MSC sets the course for ammonia-powered container ships with industry giants

The world’s largest container shipping company, the Mediterranean Shipping Company (MSC), has signed a Memorandum of Understanding (Mou) with Lloyd’s Register (LR), the Shanghai Merchant Ship Design & Research Institute (SDARI) and MAN Energy Solutions (MAN-ES) for a draft for the ammonia dual-fuel operation of an MSC container ship.

Under the MOU, a technical specification and associated design documents will be developed for a variant of SDARI’s 8,200 TEU twin-island container ship design for an LR-class vessel contracted by MSC.

This gives MSC the opportunity to use ammonia as the main zero-carbon motive power for future newbuild contracts.

As part of the project, SDARI will produce the specification and design documentation of the ammonia dual-fuel variant, while LR will verify that the design meets safety standards and rules for using ammonia as a marine fuel. MAN-ES will provide data for engine design, ammonia fuel supply and emission control systems.

Wang Gangyi, CTO of SDARI, said that projects like this one are crucial to assess the risks and opportunities of using ammonia as a fuel and to share these learnings throughout the maritime supply chain.

Ammonia is increasingly recognized as one of the most promising alternative fuels to support the maritime energy transition. Ammonia does not emit CO2 when burned, and its stability and comparatively favorable energy-to-volume ratio open up possibilities for long-distance transport.

“LR is pleased to participate in this landmark project with MSC, SDARI and MAN Energy Systems for MSC’s new ammonia dual-fuel container ship design.” Nick Brown, CEO of Lloyd’s Register, said.

“The use of ammonia as a marine fuel for the container ship sector will be crucial for our industry to meet the emission reduction targets set by the IMO and this cross-supply chain collaboration represents a crucial step in the energy transition of the maritime industry.”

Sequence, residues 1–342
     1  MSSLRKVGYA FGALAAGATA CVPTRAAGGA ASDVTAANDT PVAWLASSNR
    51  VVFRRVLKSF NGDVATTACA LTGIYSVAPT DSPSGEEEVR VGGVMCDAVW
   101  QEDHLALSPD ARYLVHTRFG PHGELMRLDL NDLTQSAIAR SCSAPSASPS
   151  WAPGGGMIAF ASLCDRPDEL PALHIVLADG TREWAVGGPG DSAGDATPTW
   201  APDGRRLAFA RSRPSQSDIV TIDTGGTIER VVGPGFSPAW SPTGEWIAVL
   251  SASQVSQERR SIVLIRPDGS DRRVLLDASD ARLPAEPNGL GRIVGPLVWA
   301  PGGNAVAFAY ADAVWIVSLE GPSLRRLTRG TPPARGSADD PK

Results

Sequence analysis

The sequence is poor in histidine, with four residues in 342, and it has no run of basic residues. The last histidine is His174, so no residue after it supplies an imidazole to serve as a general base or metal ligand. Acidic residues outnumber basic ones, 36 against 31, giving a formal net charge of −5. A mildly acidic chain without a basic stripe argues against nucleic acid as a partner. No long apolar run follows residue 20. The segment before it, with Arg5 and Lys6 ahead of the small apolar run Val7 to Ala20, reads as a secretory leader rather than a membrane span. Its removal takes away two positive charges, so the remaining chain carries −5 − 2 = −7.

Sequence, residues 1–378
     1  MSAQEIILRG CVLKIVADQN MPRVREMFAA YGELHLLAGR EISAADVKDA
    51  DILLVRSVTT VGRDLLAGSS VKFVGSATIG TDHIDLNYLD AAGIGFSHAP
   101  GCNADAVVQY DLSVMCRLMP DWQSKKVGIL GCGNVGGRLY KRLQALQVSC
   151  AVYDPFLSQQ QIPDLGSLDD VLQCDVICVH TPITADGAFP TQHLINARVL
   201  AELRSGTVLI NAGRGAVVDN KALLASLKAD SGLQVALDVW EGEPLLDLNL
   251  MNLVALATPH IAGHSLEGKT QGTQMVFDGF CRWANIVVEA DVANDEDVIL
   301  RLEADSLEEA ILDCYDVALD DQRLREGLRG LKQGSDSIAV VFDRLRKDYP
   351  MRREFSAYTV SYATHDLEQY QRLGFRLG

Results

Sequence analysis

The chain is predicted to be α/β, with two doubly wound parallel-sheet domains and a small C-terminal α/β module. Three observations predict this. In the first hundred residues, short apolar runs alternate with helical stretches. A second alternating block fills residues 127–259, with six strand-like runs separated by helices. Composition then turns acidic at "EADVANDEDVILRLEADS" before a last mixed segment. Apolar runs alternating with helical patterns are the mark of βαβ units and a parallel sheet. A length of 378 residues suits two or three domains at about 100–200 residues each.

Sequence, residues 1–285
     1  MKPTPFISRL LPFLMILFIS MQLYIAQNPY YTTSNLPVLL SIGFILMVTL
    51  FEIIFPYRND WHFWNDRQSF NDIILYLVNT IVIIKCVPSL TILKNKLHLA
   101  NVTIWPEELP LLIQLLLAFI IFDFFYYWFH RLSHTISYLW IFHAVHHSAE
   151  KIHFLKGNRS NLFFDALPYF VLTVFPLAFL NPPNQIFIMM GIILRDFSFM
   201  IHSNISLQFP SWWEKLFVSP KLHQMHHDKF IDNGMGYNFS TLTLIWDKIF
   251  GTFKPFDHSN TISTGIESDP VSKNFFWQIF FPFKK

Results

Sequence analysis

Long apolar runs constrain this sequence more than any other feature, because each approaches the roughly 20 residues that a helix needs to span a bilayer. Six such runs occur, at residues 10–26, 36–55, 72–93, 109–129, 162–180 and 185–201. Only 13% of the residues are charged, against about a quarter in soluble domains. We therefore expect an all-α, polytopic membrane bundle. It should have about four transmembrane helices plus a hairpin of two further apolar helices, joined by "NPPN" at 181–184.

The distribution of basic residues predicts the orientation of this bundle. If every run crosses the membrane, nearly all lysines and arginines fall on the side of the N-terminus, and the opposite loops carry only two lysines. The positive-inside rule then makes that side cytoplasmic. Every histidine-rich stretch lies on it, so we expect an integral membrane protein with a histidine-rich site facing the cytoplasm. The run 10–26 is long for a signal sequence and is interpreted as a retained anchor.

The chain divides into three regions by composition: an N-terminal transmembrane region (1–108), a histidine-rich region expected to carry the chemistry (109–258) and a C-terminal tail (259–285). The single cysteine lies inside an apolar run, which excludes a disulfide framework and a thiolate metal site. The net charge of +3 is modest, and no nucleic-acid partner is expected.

“Proactive collaboration between ship operators, ship designers, class and engine manufacturers has never been more important. “MSC is pleased to participate in this project to assess whether carbon-free fuels such as ammonia can be safely used and what impact they will have on ship operations.” said Giuseppe Gargiulo, head of new construction at MSC.

The news comes as MSC becomes the world’s first ocean carrier to break the 5 million TEU fleet capacity ceiling.

The impressive performance underscores MSC’s meteoric rise in recent years, as the shipping giant achieved this remarkable growth from 4 million TEUs to 5 million TEUs in just 22 months.

MSC has already ordered ten newbuilds that are expected to be suitable for ammonia. The ten 11,500 TEU LNG-powered vessels were designed by CIMC’s subsidiary CIMC Ocean Engineering Design and Research Institute (CIMC ORIC). The delivery of the new buildings will take place between 2025 and 2026.

So far, the company has invested in LNG and biofuels as alternative fuels for its ships, but confirmed its interest in methanol and ammonia.

The company is considering a multi-pronged approach and the use of different types of net-zero energy sources such as synthetic LNG, green methanol and ammonia to power the MSC fleet of the future when these fuels become widely available.

“To meet our industry’s decarbonization goals on time, we need to take a close look at all fuel solutions. “Participating in this MoU with MSC, SDARI and LR is in line with our strategic goal of providing decarbonization solutions to our trusted partners and solidifies the industry’s commitment to reducing emissions.” Bjarne Foldager, head of 2-stroke, MAN Energy Solutions said.

MAN Energy Solutions’ goal is to have a commercially available two-stroke ammonia engine as early as 2024, followed by a retrofit package for the gradual conversion of existing seagoing vessels by 2025.

Related Articles

Back to top button